In Malaysia, golf has apparently become so popular that universities have their own golf clubs (UPM, UniTen, UKM). We understand the need for this, since students, being naturally attention deficient, require as much distractions as possible from turning into rioters and revolutionaries who organize protests in the streets. Trust me, I know. I was a student before and I fantasize about marching down the street with a band of hooligans shouting slogans we don’t understand. It’s cool to be part of a revolution.
The peculiarity of golf also extends to our police and air force, the former having Titwangsa Golf Club and the royal air force having KRTU, which stands for Kelab Rekreasi Tentera Udara; i.e Air Force Recreational Club.
It kinda reminded me of when Golf was banned in England when it was being too much of a distraction for the queen’s army. Our Malaysian army is definitely not impressing anyone and will probably lose even to the Micapulga Pygmies of Southern Papua New Guinea in a face to face battle; but I’ll bet the farm that our air force can kick those pygmies’ butt when it comes to golf. Bring it on!!
Any traveling that requires transiting through a trunk road through two kampungs on a single lane into a military base gets a 0 for us. Sure it’s not that far away, but trust me, when the jam starts, you feel like chewing your steering wheel into pieces. The road is riddled with potholes and when you do find yourself in the air base, you need to leave your IC at the checkpoint. After all, this is an air base, even though the only things I see flying here were a bunch of crows at the first tee. You can also employ the ‘ACCESS HAND METHOD’. When you come near the checkpoint, go faster and raise your hand as if to acknowledge that you are a member of the air force. I did just that and they raised the barricade and gave me back the ‘ACCESS HAND METHOD RESPONSE’, no matter that I was dressed in my golf attire and looked every bit the chinaman I am. This method is a failsafe way to get into any place in Malaysia, including the prime minister’s office (I haven’t tried that yet, but go ahead and it will work). Aside from that, traveling is a fat 0 for us because more than the distance, we hate, absolutely hate pothole filled, one lane trunk roads with traffic jam.
If you insist, here’s the directions and map. The map is not even specific, it’s to another company. But you get the idea: TUDM is where KRTU is, so head to TUDM!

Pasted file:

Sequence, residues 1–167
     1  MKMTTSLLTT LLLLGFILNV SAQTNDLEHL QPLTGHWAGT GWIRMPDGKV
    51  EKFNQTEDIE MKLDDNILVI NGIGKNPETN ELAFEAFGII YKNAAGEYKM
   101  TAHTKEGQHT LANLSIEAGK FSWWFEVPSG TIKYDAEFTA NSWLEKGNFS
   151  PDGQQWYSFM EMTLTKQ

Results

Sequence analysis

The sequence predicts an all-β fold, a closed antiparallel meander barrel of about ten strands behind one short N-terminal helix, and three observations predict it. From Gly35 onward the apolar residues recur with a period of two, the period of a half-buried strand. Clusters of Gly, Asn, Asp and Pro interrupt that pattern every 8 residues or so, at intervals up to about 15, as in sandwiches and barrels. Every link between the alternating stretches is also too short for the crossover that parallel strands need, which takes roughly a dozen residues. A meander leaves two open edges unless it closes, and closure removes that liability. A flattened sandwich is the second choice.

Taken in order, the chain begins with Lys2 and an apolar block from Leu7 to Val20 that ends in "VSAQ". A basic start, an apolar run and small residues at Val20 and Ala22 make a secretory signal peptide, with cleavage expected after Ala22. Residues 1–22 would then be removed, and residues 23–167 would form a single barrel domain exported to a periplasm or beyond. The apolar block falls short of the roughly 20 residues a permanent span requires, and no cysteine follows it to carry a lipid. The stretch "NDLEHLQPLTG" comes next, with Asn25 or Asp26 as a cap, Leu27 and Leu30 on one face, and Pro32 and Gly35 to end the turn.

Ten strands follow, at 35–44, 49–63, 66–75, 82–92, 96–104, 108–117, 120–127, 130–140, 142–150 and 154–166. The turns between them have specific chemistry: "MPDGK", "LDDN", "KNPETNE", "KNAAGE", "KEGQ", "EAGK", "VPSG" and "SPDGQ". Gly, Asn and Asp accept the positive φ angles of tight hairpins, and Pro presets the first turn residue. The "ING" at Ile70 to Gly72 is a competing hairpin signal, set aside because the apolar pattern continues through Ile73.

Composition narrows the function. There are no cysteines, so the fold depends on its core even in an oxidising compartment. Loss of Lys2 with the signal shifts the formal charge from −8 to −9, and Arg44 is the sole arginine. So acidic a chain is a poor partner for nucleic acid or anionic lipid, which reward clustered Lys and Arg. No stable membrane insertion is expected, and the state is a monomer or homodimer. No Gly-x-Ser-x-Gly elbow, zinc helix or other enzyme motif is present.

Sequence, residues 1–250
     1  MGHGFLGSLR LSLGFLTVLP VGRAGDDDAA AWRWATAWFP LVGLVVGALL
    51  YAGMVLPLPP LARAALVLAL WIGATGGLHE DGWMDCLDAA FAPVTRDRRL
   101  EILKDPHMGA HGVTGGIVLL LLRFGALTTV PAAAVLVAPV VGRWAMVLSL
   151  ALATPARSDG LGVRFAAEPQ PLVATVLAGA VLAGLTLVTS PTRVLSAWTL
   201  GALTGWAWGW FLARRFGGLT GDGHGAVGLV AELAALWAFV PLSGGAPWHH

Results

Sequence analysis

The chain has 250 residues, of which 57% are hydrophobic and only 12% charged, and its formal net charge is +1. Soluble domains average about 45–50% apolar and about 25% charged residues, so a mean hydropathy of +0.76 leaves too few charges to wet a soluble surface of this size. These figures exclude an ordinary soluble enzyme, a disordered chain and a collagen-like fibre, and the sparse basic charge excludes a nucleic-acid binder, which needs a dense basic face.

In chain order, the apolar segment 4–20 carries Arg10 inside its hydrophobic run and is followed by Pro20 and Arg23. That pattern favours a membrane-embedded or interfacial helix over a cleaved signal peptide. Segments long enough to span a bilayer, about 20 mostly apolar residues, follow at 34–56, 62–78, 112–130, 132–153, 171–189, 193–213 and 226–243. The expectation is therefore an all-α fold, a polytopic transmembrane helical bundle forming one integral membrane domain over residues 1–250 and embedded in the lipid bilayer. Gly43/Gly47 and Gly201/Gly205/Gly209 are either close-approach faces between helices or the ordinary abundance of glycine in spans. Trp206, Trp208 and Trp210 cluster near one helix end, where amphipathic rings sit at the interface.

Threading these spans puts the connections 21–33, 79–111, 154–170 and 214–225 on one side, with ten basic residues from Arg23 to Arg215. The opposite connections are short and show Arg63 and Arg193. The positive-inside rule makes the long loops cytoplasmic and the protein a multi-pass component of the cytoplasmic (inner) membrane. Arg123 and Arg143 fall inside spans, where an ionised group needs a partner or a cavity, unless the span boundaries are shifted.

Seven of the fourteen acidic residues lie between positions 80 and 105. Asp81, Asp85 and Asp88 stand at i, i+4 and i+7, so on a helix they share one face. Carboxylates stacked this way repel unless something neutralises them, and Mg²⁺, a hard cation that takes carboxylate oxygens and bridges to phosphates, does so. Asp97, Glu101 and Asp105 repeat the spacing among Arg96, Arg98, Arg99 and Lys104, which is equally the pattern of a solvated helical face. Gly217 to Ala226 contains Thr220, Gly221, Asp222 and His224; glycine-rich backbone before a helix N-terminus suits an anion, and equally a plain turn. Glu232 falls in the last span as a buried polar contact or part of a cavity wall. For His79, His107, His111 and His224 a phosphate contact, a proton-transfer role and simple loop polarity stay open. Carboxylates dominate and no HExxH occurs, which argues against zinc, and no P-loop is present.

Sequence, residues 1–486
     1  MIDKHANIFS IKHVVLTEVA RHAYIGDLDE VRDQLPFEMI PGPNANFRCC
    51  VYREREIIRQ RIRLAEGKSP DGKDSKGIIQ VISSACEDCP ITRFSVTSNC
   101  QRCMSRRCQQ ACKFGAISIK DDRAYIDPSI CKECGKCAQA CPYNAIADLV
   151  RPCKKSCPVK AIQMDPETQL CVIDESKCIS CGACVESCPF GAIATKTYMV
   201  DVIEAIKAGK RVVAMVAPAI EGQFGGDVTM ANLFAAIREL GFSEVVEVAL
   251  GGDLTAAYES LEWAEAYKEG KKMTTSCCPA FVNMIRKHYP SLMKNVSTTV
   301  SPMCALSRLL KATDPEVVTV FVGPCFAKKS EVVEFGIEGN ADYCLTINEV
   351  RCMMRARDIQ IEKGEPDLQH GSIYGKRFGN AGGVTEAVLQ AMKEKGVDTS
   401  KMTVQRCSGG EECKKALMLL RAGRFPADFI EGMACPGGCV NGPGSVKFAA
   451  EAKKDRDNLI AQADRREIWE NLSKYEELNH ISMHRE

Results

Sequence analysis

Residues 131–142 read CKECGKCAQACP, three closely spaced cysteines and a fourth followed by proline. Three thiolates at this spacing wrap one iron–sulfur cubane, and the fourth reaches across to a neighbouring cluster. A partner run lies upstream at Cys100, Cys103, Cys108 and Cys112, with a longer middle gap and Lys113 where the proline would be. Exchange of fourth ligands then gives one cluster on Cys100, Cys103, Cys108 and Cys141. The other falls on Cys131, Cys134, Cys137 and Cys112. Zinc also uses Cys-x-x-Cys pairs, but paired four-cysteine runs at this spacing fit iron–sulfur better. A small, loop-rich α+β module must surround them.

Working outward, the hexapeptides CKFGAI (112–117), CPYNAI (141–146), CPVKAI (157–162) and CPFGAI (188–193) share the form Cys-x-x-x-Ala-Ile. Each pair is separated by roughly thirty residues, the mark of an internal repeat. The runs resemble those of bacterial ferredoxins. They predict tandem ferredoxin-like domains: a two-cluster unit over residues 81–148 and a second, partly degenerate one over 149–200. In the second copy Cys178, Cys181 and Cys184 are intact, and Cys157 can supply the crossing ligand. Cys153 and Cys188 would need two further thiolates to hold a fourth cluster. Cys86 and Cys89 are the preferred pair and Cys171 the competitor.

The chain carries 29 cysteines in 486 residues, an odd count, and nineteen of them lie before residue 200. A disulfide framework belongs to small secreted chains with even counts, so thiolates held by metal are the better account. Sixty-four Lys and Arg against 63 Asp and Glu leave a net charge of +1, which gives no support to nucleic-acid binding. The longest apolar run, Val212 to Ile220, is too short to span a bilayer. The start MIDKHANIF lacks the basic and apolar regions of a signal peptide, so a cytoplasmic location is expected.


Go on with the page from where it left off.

To get to KRTU, head to the old Subang Airport, also known as Sultan Abdul Aziz Shah Airport, but nobody cares anyway. It’s just Subang airport to everyone. If you don’t know how to get to Subang airport, you can either use the federal highway and head to Subang, Shah Alam and follow the nice airport sign (it has an aeroplane symbol on it). If coming from NKVE, turn off at the Subang toll, stay right and follow the aeroplance symbol sign.
You’ll hit the big subang airport roundabout. Take a 12 and now drive all the way, following signs to Kampung Baru Subang, Monterez. You’ll be on that accursed trunk road, with the runway on the left. At the Traffic lights, turn left, following the blue TUDM sign and you will be in Kampung Seri Subang. You will hit a T junction where right will lead you to Monterez, and left will lead you to TUDM. Go for TUDM (although after this review, you’ll wish you went right instead). Go all the way to the end of the road you you will be in the air force base. Once inside (either by giving your IC or hand access method), drive following the road and you’ll soon see KRTU in front of you.
On a weekday, I forked out RM88 to play in KRTU. I was walk in, while others paid about RM35. RM88 is only RM2 shy of playing in Palm garden using AGN. Why am I subjecting myself to such humiliation to pay so much on a course that looks like my grandma’s backyard?
RM88 is overpriced for a weekday walkin. I mean, I know they need to upgrade their planes, but what in heavens name do you think you can achieve charging citizens of this beloved country (whose taxes pays for this course anyway) RM88? I don’t agree with the pricing, they should slash it to RM60 or below, like UPM. Face it, ain’t nobody is going to dream of playing in KRTU if they had a chance.
The moment I drove up, one thought came to my mind. It looks an awful lot like UPM. And KRPM. Both these courses are crap hard to play on. These are courses that are not pretty, like a 200 pound woman with moustache who is bent on pounding you into submission. UPM’s saving grace was the green; KRPM saving grace was the maintenance and the layout. We have yet to see what saves KRTU.
I was actually pretty confident coming into this game. I just blistered Kinrara with an 83 (which could have been a whole lot better if I didn’t screw up a couple of putts), and I thought I should be able to navigate fairly well around this KRTU course, although I know about its OB palm oil trees and undulating greens. I was hitting my irons good enough to clock in 87 in my previous 3 rounds. I’ve finally got golf all figured out. It’s an easy game. Time to break 80 and turn pro.
Ah, the demise of illusions. Golf mercilessly annihilates these wonderful, beautiful illusions.
The ladies at the counters took so long to sort our 3 flights out, I mentioned to her that I was going to grow a beard. Which took considerable time, since it’s faster for a snail to learn how to dance cha-cha than for a Chinese to grow a beard.We were getting a little peeved at the service, but everything was forgiven when I ate the nasi lemak at the cafeteria. It’s one of the best nasi lemak in the world. They gave us salted fish, a big one and you can add sambal as well. Mama mia!
Surprisingly, I expected the club house to be some kind of patched hut made out of cow dung, but these air force boys apparently has a whole lot more class than those fellows at UPM, Selesa Hills and Kundang Lakes. The shower room was quite nice and well kept, and the club house definitely was like a normal golf club house…which makes me wonder what these fly boys are doing with our tax money…
Officer: Shall we spend our 2008 budget on the newly developed guided missile for our air craft?
Commanding Officer: Nah, let’s go with a larger pro shop and more shower units for our golfers, hey?